Sugar workers who perished in 1970 clarifier incident remembered

January 21, 2013 | By | Filed Under News 



 …monument to be erected
By Leon Suseran

A historic event took place recently in the Rose Hall Estate, M.S. compound in East Canje to commemorate the seven sugar workers who perished 43 years ago while cleaning a clarifier tank. The members of the Guyana Agricultural and General Workers Union (GAWU), Rose Hall Estate, the community, Indian Cultural Committee, relatives of the deceased, and the Region 6 Administration gathered in the estate compound to remember the victims and to solidify their commitment to erect a monument in the estate compound.
But it was also an extra special morning since there was present one worker on duty from that fateful January 13, 1970 morning, one of Guyana’s oldest engineers, Mr. Grenville Felix.
Ramdeo Singh, 32; Parboo 56; Abdul Gafoor 50; Seepersaud ‘Ivan’ Sarjudas, 34; Mohabir, Parboo’s brother, 51; Dhanpaul Baijnauth, 28; and Ranjeet Boodram, 29 all perished after they ventured to clean a clarifier while on duty. Up to the day of the memorial, there was never any formal commemorative event for the victims, even though the Rose Hall Estate toots its whistle every January 13 for the souls lost.
Two men were assigned the task of cleaning the No.3 clarifier. They were supervised by Process Foreman, Abdul Gafoor. However, shortly after 8AM, shouts were heard, and several workers were seen running to and from the clarifier. Gafoor emerged from the No. 3 clarifier and ran to the No. 4 quad where a switchboard was located. At the switchboard, he obtained a drop cord with a bulb at the end. He used this device to see what was going on in the clarifier. He saw the two workers unconscious.
He then descended into the clarifier for the express purpose of rendering assistance to the workers. He fell on the scroll of the clarifier while descending. Gafoor lost his life in a brave attempt to save the lives of both of his workers.
Another Process Foreman by the name of Peters was informed that Gafoor had fallen into the clarifier. Peters took the precautionary measure of having a rope placed inside the clarifier. The rope was tied to a 6″ pipe. Peters then entered the clarifier. After descending about four feet, Peters found his nostrils burning and breathing was difficult. He then pulled the rope and was barely pulled out of the clarifier. He lost consciousness shortly after, but survived. Yassim Khan, a welder, was able to pull him to safety. He was only about forty feet from the clarifier.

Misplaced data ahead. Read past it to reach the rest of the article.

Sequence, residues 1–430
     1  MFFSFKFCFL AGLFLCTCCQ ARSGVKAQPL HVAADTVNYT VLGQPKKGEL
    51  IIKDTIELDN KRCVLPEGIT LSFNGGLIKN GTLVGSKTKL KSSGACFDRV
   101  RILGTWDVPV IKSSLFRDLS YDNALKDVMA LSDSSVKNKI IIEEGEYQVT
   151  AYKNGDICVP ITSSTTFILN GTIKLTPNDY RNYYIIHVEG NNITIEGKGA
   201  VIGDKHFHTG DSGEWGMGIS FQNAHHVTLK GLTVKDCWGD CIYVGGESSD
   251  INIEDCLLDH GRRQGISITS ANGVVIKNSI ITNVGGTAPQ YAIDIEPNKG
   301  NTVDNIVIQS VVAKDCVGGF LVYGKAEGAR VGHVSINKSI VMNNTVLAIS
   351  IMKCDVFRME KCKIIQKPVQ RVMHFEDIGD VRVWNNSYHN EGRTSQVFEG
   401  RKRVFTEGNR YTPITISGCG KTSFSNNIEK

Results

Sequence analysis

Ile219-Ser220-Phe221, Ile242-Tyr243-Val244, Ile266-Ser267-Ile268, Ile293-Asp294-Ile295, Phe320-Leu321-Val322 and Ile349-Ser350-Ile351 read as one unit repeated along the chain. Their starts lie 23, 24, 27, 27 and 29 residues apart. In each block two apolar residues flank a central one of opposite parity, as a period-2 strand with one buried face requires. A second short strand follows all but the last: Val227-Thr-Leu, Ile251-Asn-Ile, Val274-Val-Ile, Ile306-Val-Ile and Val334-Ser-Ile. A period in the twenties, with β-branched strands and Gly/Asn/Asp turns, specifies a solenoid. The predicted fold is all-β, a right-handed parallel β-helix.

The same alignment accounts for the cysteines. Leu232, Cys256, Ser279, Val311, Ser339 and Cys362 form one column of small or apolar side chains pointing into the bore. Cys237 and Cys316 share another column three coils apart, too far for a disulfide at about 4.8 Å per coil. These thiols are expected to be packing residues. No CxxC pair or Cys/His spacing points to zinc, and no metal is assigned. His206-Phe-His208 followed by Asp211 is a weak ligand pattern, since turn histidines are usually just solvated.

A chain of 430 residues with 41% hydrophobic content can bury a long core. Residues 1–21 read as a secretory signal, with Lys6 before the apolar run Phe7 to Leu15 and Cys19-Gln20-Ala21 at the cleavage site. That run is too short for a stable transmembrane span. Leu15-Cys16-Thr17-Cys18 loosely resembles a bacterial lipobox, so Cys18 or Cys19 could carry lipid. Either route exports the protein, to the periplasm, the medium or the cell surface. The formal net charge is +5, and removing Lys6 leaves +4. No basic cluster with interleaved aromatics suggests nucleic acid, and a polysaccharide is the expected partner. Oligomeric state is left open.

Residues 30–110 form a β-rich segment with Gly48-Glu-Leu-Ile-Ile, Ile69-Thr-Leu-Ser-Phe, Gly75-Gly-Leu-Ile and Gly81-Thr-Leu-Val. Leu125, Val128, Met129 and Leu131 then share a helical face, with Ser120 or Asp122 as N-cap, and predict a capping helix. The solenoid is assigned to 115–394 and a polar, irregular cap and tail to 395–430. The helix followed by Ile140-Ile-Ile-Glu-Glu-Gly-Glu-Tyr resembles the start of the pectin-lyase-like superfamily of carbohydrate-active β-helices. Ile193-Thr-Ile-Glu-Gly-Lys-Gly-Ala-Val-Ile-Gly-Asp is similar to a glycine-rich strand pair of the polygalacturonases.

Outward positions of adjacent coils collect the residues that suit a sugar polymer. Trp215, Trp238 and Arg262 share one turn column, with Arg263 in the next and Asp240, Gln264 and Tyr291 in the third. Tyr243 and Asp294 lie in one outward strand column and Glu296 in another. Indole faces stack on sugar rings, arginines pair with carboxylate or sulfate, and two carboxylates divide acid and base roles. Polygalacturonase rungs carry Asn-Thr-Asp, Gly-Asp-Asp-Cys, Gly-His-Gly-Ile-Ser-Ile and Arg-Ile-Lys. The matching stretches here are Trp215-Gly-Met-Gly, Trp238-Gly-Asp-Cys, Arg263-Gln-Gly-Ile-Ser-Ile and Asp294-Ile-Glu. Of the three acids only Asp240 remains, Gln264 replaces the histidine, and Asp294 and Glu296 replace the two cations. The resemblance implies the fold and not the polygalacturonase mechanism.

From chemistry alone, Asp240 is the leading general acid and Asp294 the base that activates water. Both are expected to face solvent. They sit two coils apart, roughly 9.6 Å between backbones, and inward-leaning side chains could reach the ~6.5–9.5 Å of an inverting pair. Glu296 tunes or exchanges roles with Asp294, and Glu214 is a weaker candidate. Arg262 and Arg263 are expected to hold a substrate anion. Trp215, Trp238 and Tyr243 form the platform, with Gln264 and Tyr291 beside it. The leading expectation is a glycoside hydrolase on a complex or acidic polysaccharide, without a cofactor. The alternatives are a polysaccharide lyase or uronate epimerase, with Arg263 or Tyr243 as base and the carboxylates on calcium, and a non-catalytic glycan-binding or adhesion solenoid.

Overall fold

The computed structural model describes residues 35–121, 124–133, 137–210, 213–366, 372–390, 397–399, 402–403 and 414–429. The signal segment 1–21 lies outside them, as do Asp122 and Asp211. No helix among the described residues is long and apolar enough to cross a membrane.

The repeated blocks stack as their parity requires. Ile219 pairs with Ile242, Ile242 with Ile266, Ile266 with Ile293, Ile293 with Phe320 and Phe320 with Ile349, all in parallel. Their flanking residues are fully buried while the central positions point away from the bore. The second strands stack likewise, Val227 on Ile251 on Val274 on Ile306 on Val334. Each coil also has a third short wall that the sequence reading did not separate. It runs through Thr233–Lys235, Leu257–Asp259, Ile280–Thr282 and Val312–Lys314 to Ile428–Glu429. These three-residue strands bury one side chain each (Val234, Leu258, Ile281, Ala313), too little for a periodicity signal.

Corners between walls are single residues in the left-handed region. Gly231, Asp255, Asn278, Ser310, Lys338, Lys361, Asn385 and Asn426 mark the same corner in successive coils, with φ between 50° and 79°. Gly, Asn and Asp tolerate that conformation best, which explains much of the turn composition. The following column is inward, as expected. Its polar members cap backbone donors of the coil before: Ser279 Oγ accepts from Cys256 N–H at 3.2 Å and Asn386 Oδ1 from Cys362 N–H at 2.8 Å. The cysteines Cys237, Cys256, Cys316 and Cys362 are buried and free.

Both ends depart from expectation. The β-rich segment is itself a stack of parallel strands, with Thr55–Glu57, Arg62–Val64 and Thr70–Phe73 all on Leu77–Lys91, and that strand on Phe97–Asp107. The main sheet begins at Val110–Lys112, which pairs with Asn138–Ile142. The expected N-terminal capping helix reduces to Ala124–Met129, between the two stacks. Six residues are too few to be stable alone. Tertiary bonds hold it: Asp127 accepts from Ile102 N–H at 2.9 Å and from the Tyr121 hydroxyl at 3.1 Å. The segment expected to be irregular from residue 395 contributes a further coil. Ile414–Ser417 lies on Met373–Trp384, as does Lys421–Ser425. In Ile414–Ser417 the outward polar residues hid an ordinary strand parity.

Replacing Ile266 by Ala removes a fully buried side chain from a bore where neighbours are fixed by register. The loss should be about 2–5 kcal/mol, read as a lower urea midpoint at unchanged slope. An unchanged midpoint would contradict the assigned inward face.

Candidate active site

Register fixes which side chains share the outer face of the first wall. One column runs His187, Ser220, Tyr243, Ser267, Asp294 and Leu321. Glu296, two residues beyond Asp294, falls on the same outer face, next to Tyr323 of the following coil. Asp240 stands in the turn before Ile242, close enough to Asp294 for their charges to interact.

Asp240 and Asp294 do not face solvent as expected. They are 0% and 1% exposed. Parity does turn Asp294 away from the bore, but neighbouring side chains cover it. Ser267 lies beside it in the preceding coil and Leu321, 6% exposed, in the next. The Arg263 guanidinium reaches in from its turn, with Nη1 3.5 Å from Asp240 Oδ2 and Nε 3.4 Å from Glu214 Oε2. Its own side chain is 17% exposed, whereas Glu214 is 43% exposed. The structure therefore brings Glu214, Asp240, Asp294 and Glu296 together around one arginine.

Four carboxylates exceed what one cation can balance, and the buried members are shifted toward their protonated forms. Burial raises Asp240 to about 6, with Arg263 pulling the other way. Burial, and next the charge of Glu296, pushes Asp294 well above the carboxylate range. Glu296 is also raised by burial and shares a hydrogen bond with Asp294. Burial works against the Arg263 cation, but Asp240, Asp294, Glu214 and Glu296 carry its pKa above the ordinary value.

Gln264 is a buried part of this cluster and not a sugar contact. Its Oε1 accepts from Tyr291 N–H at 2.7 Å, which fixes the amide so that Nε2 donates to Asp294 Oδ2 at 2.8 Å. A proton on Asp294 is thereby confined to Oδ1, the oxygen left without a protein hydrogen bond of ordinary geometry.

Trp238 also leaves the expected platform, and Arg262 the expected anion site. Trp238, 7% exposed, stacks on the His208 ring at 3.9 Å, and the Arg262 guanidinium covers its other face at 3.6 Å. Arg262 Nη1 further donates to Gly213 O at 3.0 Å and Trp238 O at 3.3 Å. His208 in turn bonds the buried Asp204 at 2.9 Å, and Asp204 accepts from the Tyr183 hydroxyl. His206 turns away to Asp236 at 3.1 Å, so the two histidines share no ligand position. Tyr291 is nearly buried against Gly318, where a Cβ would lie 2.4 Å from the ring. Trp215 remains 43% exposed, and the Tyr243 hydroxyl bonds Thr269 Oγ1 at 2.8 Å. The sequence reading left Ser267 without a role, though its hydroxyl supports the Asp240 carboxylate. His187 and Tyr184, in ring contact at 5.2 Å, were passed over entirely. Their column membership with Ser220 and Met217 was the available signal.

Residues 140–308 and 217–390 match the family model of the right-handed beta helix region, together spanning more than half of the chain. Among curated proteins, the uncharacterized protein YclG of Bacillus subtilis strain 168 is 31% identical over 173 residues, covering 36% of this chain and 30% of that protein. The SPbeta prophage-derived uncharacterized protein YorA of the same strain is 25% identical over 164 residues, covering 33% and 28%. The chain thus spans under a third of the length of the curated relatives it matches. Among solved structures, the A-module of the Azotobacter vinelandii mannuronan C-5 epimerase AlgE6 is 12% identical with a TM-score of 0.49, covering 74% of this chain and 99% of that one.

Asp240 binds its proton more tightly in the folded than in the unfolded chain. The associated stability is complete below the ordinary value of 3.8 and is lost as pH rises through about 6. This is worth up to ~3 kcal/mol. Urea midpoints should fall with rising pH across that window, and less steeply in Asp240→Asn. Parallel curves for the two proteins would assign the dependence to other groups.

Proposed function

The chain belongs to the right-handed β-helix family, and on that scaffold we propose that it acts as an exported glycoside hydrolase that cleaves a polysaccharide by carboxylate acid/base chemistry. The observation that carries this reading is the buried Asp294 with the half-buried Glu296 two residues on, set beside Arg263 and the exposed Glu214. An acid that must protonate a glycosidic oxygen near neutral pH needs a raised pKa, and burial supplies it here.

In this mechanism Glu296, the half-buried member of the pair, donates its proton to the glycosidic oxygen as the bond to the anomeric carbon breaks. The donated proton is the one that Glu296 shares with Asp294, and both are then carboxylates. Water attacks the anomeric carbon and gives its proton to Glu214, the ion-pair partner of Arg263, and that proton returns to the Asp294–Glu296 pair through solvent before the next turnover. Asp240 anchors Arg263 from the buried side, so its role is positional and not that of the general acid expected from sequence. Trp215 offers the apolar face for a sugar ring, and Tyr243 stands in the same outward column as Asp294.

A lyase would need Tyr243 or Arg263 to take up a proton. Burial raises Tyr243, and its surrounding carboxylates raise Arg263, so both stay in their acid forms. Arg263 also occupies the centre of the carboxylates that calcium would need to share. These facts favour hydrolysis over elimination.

Carron, a porter employed by the factory came on the scene. He tied a rope around himself with the intention of rescuing the workers. However, before he could enter, Dhanpaul Baijnauth pushed him aside and hurried through the manhole. As Dhanpaul was going down, he shouted out that there were six or seven men at the bottom of the clarifier, including three other workers-Parboo, Seepersaud Sarjudas and Ranjeet Boodram. In fact, he became the seventh victim.
Representative of the Indian Cultural Committee, Mr. Evan Persaud recounted at the memorial, what took place. He said one by one, the men fell into the tank after each tried to rescue the other one. “When they went in they were being overcome by obnoxious fumes and they were unconscious when they were pulled to the surface…but the brave Mr. Baijnuth went in without a rope and he was left there. When the tank was cut open at the bottom with a torch, and the seven men were taken out, 6 were already dead and Bainjauth was taken to the hospital where he died 10 days later”.
The Rose Hall Estate, in those days, was owned and operated by Bookers and the National Insurance Scheme (NIS) had just started up and provided the only monetary compensation to the families.“Bookers wasn’t really interested in paying any monies to the widows”, Persaud related. “At that time the NIS had just been formed and in the Minister of Labour at the time, Mr. Winslow Carrington, presented the men killed with the first ever death benefit pay-out by the NIS—not a lump sum—it was supposed to have given the families of $145,100 in 20 years”.
Ninety- five- year old Grenville Felix, an employer at the time on the day of the tragedy recounted the horror he felt on that sad day. “I remember this day because my first day back from vacation—seven of these workers did not return home alive—everything was normal between 7am and 8am”. He was around and turned out the same day to work “…and in coming I saw people running, coming towards the boiling house side and I thought something happened and I, too, started to run and then someone told me some men drowned and I was shocked”. Felix said that he made every effort to save the men’s lives “but we couldn’t do anything with them and I knew one fellow, he died and his brother-in-law died too, who went to see if he could save him… but ended up dying”. Felix did his utmost to render assistance to the dying men but was not successful.
“Such an incident has never occurred in the history of Guyana”. At the end of the memorial, the factory’s whistle blew off seven times in succession to honour the fallen workers. It was an ominous sound that echoed throughout the East Canje community and even New Amsterdam. The programme was punctuated with poem recitals and tassa drumming. Water was then poured on sugar cane to signify the commitment of erecting a monument in the near future for the workers who died.

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